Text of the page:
Thursday, April 18, 2019

Space Exploration - Inspirational, captivating and amazing - This Week's ReadItTorial

No it won't fit in your Vauxhall Corsa...
I make no apologies for this week's slightly skewed ReadItTorial. We've just come back from 3 weeks in sunny Florida, soaking up the sun and - more importantly - visiting a place that has been on my bucket list for as long as I can remember.

The Kennedy Space Centre is an amazing place at the best of times, but we visited a few days before the Falcon Heavy / Space X Launch, you could almost TASTE the anticipation in the air. There was a buzz going around Kennedy, a frisson of excitement that made it feel like once again the place was coming back to life after being mothballed for so long - with SpaceX and Boeing both taking part in exciting rocket projects, and with the phrase heard throughout the day definitely being "Bringing space launches back to American soil".

Of course it's massively important to the USA and Kennedy to see legendary Pad 39 being put back into action. Not just from a sense of patriotism (something you can't escape when you're walking around the place, Americans sure love sticking their flag on anything, even distant astral bodies) but from a sense of opening a new chapter in our quest for space, and inspiring the many, many young kids who were (like most of us adults) walking around the place, completely agog at the rockets, capsules and of course the mighty Space Shuttle Atlantis - but also carrying the knowledge that new projects are kicking off, that space exploration is still important, still happening, and could still be a viable career path for a lucky, lucky few.

Sadly for us, a few days later - the day we staked out our spot on nearby Cocoa Beach to watch the Falcon Heavy go up was also one of the windiest days of our holiday.

We'd made the journey from Orlando all the way over to the coast, sat for HOURS on a burning hot beach only for the mission to be suspended (as it turned out, just for a day and we're kicking ourselves that by the time the Falcon did launch, we were a 6 hour drive away, right on the other side of Florida in Clearwater, and wouldn't have made it back in time to see the launch itself).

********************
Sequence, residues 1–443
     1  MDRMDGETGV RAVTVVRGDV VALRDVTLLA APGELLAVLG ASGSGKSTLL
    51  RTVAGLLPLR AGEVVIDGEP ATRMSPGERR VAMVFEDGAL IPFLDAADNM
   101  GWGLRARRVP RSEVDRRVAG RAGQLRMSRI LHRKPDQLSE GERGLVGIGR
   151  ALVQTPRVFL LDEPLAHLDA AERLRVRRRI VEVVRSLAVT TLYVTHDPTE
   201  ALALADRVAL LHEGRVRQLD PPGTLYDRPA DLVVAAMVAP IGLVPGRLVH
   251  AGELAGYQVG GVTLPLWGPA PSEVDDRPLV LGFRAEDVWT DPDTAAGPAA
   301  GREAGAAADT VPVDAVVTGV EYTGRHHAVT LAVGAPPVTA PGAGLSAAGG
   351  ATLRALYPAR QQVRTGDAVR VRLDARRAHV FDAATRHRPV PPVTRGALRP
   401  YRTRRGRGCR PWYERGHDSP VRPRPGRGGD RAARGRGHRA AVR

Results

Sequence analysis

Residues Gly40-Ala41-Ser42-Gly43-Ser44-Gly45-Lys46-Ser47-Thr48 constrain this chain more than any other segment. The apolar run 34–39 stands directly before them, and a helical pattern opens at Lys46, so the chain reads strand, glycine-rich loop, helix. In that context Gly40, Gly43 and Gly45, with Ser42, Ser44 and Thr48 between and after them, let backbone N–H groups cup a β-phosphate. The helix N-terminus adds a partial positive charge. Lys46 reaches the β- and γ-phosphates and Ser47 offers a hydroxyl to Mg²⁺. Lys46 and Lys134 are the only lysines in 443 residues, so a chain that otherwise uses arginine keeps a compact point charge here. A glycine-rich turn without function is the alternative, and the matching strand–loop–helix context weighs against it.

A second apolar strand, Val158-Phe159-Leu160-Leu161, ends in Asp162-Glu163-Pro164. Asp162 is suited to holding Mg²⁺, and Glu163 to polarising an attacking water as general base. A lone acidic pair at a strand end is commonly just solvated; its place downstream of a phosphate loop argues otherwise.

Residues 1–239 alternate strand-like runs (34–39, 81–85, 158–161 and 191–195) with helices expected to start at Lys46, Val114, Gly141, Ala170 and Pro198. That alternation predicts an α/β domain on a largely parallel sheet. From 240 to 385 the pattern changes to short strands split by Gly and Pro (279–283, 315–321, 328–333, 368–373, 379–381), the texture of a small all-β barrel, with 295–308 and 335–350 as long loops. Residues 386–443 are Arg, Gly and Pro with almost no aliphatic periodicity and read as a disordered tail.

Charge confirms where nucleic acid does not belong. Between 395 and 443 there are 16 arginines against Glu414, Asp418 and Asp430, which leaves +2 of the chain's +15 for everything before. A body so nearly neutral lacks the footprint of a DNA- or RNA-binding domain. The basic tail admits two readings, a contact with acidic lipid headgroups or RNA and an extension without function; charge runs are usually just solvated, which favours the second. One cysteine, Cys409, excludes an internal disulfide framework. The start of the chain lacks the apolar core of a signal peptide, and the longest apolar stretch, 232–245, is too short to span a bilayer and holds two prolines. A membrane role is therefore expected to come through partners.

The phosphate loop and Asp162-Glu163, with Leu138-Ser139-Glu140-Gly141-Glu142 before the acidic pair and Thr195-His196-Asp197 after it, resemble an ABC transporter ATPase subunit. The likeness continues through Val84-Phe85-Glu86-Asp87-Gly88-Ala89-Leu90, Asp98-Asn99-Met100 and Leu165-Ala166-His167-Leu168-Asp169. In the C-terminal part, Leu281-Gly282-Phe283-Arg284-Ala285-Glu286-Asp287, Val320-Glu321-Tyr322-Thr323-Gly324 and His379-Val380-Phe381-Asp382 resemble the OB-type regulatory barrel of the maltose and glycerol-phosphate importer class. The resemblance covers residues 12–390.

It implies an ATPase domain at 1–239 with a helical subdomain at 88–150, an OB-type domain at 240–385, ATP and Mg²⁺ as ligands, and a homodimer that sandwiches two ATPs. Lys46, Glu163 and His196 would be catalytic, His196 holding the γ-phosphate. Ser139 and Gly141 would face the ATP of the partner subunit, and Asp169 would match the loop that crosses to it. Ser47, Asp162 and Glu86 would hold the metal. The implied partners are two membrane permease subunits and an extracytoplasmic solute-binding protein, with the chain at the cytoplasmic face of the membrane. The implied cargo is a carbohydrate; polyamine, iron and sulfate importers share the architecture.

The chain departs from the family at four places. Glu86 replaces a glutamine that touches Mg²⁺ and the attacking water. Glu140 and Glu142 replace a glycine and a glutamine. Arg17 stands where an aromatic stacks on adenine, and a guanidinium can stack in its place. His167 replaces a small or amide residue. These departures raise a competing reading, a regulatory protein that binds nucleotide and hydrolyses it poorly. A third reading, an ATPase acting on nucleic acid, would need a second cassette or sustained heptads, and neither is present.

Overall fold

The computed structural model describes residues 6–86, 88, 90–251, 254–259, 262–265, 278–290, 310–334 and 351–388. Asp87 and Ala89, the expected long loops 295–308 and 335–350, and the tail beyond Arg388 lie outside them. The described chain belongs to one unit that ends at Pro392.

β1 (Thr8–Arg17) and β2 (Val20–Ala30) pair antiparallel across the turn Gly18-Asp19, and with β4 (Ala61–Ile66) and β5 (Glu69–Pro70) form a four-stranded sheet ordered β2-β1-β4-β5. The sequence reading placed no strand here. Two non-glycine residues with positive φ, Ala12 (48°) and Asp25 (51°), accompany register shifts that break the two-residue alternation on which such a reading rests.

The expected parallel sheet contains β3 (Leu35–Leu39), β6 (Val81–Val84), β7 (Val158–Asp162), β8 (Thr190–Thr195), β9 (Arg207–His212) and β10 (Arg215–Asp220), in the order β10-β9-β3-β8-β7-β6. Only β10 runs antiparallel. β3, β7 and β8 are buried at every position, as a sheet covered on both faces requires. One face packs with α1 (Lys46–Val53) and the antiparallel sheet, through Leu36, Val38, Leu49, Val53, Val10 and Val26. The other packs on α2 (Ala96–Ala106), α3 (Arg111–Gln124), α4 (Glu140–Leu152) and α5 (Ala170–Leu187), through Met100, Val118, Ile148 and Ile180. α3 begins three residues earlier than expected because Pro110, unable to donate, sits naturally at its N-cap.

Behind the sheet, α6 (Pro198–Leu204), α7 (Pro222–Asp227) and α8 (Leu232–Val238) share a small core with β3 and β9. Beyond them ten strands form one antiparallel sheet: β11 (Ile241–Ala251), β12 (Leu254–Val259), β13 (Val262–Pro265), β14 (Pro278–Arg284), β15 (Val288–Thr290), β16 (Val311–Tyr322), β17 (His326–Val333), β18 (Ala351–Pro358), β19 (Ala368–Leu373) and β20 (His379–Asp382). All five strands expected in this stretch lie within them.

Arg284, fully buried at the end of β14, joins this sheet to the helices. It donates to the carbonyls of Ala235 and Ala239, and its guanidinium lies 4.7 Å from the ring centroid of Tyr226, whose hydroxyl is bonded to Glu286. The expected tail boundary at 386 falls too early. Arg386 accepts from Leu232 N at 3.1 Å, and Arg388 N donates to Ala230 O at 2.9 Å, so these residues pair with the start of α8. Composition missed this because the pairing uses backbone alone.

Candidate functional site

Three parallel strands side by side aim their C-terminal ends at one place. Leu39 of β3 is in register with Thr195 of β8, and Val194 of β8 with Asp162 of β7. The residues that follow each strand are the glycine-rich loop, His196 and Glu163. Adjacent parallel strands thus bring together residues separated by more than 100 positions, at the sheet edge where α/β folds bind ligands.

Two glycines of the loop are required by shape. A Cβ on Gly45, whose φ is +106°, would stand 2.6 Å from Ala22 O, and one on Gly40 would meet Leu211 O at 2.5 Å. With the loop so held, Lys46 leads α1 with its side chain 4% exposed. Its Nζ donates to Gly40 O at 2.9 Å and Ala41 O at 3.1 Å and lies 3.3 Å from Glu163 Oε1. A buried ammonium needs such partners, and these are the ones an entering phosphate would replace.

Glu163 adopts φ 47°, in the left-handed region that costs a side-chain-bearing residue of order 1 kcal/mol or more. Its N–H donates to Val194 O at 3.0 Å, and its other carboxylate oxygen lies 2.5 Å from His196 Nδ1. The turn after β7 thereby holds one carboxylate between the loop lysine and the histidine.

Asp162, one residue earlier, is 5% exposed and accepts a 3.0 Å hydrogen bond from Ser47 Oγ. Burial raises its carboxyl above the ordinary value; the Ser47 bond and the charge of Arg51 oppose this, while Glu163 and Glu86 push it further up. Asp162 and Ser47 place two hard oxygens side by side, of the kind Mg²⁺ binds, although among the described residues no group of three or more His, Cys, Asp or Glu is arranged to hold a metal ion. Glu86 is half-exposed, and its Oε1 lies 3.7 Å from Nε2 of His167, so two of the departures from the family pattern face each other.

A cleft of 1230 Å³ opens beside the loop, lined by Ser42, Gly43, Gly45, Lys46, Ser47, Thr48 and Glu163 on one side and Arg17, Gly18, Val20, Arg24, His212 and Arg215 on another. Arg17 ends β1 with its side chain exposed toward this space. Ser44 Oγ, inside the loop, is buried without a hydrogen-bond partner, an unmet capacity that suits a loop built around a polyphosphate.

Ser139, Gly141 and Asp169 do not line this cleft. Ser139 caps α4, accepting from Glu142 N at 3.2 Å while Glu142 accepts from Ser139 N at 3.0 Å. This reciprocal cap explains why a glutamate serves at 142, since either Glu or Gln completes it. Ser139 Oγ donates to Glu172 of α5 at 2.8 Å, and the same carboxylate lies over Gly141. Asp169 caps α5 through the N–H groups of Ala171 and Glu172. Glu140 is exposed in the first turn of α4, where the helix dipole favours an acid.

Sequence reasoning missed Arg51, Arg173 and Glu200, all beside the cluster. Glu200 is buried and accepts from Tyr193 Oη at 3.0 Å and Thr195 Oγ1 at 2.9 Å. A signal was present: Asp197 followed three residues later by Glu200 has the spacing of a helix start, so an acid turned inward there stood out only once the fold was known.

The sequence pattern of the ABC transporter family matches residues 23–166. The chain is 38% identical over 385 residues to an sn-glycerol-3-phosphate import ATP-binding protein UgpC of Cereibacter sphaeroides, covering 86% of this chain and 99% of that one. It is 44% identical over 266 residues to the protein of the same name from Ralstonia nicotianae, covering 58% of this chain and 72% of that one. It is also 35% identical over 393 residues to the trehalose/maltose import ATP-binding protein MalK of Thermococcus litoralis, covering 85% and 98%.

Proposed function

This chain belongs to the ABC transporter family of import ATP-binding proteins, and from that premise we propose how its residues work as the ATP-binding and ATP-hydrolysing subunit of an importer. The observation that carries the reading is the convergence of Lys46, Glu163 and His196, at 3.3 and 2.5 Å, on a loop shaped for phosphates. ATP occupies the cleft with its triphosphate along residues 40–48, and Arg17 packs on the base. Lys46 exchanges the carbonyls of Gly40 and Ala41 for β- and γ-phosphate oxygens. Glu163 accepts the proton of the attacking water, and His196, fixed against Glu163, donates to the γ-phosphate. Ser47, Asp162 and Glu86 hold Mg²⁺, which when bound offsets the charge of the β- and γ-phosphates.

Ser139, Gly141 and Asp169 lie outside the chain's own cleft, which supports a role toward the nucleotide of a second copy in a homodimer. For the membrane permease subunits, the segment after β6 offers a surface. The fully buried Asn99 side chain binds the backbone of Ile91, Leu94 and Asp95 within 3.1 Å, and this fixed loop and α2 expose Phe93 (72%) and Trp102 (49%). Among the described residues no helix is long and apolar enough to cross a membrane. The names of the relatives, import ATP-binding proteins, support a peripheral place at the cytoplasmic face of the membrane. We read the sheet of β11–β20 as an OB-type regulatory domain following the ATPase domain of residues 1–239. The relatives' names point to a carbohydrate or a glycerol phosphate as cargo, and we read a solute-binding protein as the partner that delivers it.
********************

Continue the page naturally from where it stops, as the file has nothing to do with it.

So close...yet so far! ARGH!

Walking around, it was so easy to see why the subject of space travel and exploration is so inspirational for kids. Listening in on a couple of school groups who shared the tour bus with us as we drove around the complex, and went over to the massive Saturn V Rocket Centre, it was joyous to hear a different point of view from the last time we attended a space event, and heard a rather dour and pessimistic view from a collective of Science Fiction authors (sorry ladies and gents who were there!)

The US is fired up again with renewed vigour to explore the great unknown - not just because of the amazing commercial possibilities of harvesting resources from beyond our planet (and let's face it, commercial concerns now bringing life back to the space program are of course thinking about investment returns on the billions of dollars they're sinking into these enterprises) and definitely not from some ridiculous need for a "Space Force". But from a scientific point of view, here are new opportunities to showcase our amazing achievements in all branches of science and engineering, pushing the boundaries of technology way beyond anyone's expectations.

Mission control we are go for launch!

It was an amazing place to visit though, and it was great to see C walking around with an identical expression to my own. One of sheer awe. For me though the most inspirational and fascinating parts of visiting Kennedy were seeing the original Mercury and Gemini mission rockets and capsules, suits, technology and other artefacts which were amazingly primitive-looking, and yet were cutting edge tech for their time.

The men who donned those suits knew that they were entering unknown territory, and would be likely to pay for their bravado with their lives if even the simplest thing went wrong, but they stepped up and made so many of those missions a success (seeing the original Gemini capsules just made me realise what it must've been like climbing into something not much bigger than an oversized wheelie bin sitting atop a huge firework!)

Looking to the future, and despite the seemingly futile hope and dream that we might one day see manned missions to Mars, I like to think that Gene Krantz, the legendary astronaut and mission controller had it right. "Nothing's impossible. You dream it, then you do it"

For all those authors and illustrators out there working on space books, keep on doing what you're doing because it's so worth it - inspiring kids in the way you do, and it really does work!